However, as soon as I went to go inside the hotel, the box came apart from underneath and all the bottles smashed to the ground *Sigh* not a good start to Memphis.

As I’m writing this entry nearly a year later (took me awhile to get over this post being deleted obviously) I can’t really remember quite what I did that night.wpid-20150829_200349.jpgI know we all went out to dinner at this place called Kooky Canuck and it was terrible. I think Contiki usually takes their tour there when they’re in Memphis but it was really horrible. I think we went there because they do a ‘Big Burger Challenge’ where you can sign up to eat a massive burger and fries in a certain amount of time.
They did however have really big alcoholic beverages I enjoyed.wpid-20150829_191017.jpgwpid-20150829_162754.jpgAfter dinner, we walked to Beale Street which is known in Memphis as the heart of all Blues music and entertainment. It’s made up of three blocks of nightclubs, restaurants and shops in the heart of downtown Memphis.It’s one of the coolest places to go if you’re ever in Memphis.wpid-20150829_214653.jpgWe all went to one club but we were literally the only people there (Maybe it was too early)
Myself and another girl Marisa ended up leaving the group to go and explore some other clubs as everyone wanted to stay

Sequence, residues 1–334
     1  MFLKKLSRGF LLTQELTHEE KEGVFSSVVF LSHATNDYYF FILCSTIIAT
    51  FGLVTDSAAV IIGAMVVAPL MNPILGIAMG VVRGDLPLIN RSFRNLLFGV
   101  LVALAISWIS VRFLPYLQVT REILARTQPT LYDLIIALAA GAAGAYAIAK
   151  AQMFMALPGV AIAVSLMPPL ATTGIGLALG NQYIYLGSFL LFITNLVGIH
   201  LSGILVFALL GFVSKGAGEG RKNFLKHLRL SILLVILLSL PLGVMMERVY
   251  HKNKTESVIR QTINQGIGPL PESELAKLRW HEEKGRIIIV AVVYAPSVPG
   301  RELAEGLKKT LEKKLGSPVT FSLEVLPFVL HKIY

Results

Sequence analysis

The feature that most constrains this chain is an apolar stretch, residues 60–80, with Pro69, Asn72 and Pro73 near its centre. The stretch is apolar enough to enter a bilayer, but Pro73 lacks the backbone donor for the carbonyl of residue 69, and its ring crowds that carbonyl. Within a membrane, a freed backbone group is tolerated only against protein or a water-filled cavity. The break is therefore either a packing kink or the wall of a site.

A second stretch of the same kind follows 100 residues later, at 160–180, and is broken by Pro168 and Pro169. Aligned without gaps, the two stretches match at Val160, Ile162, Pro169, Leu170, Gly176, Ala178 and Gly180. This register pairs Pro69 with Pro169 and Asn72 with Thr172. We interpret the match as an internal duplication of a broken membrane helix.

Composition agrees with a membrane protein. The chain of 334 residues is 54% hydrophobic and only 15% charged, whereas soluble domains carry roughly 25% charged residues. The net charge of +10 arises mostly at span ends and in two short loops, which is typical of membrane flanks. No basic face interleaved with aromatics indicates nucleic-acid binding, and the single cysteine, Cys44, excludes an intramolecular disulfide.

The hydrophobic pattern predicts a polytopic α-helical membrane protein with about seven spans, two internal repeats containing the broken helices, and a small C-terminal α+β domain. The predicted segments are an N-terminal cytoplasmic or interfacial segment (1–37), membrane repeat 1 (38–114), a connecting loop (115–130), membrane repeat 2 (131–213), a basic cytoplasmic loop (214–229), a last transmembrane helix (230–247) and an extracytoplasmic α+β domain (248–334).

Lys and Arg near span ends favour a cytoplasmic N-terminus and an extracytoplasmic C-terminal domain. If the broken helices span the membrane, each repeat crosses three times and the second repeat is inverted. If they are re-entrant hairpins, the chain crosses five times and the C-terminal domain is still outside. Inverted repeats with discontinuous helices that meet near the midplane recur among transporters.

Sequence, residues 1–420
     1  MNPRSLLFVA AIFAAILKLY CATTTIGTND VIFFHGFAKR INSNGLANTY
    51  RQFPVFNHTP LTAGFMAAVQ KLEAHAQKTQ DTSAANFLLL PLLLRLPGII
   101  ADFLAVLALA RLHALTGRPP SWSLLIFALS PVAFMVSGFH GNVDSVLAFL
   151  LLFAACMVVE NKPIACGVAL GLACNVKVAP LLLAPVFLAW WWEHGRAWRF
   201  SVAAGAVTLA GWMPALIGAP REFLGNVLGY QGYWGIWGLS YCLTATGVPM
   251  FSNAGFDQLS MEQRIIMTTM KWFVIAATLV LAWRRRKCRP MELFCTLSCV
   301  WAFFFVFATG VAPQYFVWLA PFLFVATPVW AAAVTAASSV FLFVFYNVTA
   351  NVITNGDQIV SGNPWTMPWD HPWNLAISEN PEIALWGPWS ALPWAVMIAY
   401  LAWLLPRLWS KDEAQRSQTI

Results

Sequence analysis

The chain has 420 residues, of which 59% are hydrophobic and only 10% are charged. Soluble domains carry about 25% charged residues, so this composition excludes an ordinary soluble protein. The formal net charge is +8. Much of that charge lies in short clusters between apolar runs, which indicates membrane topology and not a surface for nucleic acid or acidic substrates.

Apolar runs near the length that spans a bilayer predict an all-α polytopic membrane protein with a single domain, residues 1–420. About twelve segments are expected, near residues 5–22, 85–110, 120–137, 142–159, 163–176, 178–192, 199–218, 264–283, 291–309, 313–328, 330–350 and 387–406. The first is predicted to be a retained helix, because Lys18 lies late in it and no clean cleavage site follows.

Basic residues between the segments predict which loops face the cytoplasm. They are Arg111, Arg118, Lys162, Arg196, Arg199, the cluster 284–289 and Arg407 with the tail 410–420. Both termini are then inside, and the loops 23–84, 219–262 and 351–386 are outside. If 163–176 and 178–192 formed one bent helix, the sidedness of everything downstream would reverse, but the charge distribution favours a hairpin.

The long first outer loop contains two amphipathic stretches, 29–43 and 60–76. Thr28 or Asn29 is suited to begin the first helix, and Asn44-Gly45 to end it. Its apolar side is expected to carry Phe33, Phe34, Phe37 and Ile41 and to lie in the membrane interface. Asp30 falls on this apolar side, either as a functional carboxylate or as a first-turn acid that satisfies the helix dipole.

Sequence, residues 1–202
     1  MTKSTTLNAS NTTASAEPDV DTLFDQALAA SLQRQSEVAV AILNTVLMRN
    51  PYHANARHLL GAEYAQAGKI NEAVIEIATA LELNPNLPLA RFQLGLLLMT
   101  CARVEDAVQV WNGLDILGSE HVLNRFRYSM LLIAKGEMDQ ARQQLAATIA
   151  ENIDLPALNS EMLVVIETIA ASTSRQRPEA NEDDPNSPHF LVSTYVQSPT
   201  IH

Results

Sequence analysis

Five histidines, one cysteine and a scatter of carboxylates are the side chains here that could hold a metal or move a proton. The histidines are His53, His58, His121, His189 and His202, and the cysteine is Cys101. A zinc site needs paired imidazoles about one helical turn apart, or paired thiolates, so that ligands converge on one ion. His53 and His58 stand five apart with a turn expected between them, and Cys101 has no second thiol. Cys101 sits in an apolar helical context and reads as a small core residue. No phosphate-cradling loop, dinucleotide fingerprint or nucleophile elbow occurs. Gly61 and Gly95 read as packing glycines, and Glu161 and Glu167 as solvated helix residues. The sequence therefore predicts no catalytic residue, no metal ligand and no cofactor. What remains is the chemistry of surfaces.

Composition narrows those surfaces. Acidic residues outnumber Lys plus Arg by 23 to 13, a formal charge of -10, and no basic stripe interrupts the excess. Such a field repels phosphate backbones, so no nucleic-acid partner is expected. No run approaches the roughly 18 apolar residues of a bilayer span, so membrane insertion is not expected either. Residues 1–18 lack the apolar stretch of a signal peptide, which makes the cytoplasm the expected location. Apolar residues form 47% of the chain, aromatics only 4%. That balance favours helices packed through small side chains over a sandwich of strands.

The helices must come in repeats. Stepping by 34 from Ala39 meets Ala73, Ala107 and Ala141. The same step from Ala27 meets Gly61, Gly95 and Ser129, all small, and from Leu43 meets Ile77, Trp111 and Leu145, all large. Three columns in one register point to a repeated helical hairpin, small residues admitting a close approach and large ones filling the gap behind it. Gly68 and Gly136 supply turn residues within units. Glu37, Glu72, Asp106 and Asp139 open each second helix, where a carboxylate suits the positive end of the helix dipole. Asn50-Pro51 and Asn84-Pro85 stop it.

wpid-20150829_214713.jpgwpid-20150829_215521.jpgwpid-20150829_220558.jpgwpid-20150830_025238.jpgI remember we had such a fun night. We were taking Jello Shots and having drinks everywhere we went.
I think I went to sleep really late now that I think of it because I only had a few hours sleep until I had to wake up!


Day 17 – Dallas 2 (Texas)

I had a bit of a sleep in on Friday morning.
A lot of people on my Contiki went to the JFK museum because they were doing the Dallas Cowboy Stadium Tour at 2pm so wanted to get it over and done with earlier.
As I wasn’t, I went at 11.30am with a few other people.imageimageThe JFK museum was actually pretty interesting. It was an audio tour and talked all about when Mr Kennedy was president, what the public thought of him and how he was assassinated. The museum is actually where they think he was shot from. And when I say ‘think’ it’s because there’s a few conspiracies around who actually shot him.

I don’t know too much about American presidents (as I live in New Zealand and it’s obviously not a big thing for us) but I learnt that John Fitzgerald Kennedy was the 35th President of the United States and he was assassinated at 12:30 p.m on Friday, November 22nd, 1963, in Dealey Plaza. (Which is where the museum is located)
Kennedy was fatally shot by Lee Harvey Oswald while traveling with his wife Jacqueline in a four-door convertible limousine